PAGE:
The idea of a Universal Basic Income is picking up pace all over the world, but are we ready?
How would you like a pre-assigned sum of money credited directly into your bank account, every month, no questions asked? That’s the gist of a Universal Basic Income(UBI), that has the whole world polarized on its perks and perils. The UBI is gaining momentum worldwide and has evoked an endless debate among economists and politicians alike. While the UBI has some strong backing, with the likes of Elon Musk, Bill Gates, Richard Branson and Mark Zuckerberg supporting the concept, many economists still need convincing. While the idea of a UBI is not particularly new, it is increasingly being considered as a measure against growing unemployment rates by governments across the world. So much so, Andrew Yang, a Democratic presidential candidate has based his whole campaign on implementation of UBI. But is UBI the answer to our unemployment woes? And even if it is, is it economically sound?
The Case For
“There will be fewer and fewer jobs that a robot cannot do better; we’re looking at mass unemployment. This is gonna be a massive social challenge and ultimately we would have to have some kind of universal basic income for sustenance. I don’t think we’re gonna have a choice.”- Elon Musk
The heads of the biggest tech companies in the world believe that the breakthrough in AI would be so overwhelming, that around a third of the employable population would find themselves without a job. And we have good reason to take their word for it. Andrew Yang has proposed a $1000 monthly income to all adult US citizens. Now, where does the money come from? And wouldn’t it make people more complacent and unwilling to work?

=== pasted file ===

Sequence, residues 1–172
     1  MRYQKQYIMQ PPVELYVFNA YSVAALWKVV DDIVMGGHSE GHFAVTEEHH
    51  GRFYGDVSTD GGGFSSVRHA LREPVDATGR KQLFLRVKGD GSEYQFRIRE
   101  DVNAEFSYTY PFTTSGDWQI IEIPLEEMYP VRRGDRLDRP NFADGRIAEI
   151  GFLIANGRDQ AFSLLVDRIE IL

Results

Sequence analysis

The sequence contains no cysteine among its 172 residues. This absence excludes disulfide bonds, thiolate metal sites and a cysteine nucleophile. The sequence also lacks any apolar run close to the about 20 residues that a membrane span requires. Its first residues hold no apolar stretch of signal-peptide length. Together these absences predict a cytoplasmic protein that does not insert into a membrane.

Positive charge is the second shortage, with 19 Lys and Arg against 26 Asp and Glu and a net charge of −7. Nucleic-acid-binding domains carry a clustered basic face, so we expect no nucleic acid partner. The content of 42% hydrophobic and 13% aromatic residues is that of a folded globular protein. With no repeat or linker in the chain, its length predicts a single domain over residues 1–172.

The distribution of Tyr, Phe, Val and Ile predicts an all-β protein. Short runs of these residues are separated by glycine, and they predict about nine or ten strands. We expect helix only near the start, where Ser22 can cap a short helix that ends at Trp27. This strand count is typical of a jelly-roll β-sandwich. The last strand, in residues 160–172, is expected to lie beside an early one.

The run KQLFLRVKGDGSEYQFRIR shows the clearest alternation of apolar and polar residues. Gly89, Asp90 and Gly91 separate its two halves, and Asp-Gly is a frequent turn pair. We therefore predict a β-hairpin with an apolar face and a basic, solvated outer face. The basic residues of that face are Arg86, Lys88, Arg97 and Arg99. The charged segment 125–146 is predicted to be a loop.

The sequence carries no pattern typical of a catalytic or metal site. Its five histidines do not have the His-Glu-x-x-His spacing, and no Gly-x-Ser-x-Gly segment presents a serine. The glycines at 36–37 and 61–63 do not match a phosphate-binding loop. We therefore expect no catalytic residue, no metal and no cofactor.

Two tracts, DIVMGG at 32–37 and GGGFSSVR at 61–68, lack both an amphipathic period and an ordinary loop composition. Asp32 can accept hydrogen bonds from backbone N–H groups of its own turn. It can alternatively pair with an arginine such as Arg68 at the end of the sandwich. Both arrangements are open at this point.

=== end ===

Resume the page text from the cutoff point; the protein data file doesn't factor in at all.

Well, let’s get into numbers, the total figure for UBI to be implemented in the US comes out to be around $3 trillion dollars. While that is a lot of money, it shrinks down considerably when one looks at the many ongoing welfare and security programs, which means about half Americans are already getting income support. The figure comes down to about $1.8 trillion. Yang proposes a Value Added Tax(VAT) on luxury items and a “Robot Tax” on companies benefiting from the increased output due to advancement in technology.
Now, what most people fail to understand is that this $1000 monthly income will increase their purchasing capacity, and effectively the money will trickle down into the economy itself. So, theoretically, it doesn’t look as big a figure that some economists claim. There’s also a school of thought that believes crime rates will decrease drastically since there will be an incentive for criminals to not get into jail, in order for them to keep getting their UBI.
As for the thought people becoming passive and lethargic, statistics prove otherwise. In the state of Alaska, where UBI is already prevalent, studies have found out citizens are more encouraged to indulge in their passion outside of work, since the start of a UBI.
The main argument against UBI is financing. For a country the size of India, it is fiscally very difficult to entertain the idea of a basic income. Inflation could be triggered because of the increase in demand for goods and services. As a result of inflated prices, the standard of living wouldn’t increase a whole lot.
Also, free income may disincentivize people to get jobs, and make work seem optional. Even though, as stated before, studies show increased productivity among individuals, the scale of the study was not big enough to convincingly prove it.
Another argument is that it would increase dependence on the government and make the economy more prone to crashes and slowdowns.
While the universal basic income does have its pros and cons, after thoroughly researching the topic for weeks, I personally believe there’s no way out of it. The advancement in AI is growing at a phenomenal rate and most skills are becoming redundant by the day. I suppose it is only a matter of time that a developed economy like the US implement it.